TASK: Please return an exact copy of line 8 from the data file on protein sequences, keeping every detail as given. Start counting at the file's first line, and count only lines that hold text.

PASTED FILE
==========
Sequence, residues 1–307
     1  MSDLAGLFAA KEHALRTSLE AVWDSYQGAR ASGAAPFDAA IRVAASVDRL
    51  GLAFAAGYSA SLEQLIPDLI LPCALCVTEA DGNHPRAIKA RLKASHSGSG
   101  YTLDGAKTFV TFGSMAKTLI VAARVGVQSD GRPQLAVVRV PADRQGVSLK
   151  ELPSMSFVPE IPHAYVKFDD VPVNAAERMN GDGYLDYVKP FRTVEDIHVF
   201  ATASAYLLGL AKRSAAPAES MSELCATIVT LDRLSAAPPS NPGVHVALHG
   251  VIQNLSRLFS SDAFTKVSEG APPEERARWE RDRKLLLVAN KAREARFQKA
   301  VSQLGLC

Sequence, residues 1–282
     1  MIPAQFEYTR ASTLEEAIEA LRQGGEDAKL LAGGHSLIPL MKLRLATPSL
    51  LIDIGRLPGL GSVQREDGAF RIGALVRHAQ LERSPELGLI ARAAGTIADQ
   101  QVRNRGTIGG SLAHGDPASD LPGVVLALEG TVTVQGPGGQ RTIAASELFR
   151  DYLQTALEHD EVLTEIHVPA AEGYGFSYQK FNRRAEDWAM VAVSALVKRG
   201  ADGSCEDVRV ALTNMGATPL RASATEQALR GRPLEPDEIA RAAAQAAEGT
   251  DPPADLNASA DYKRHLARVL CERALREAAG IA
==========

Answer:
   301  VSQLGLC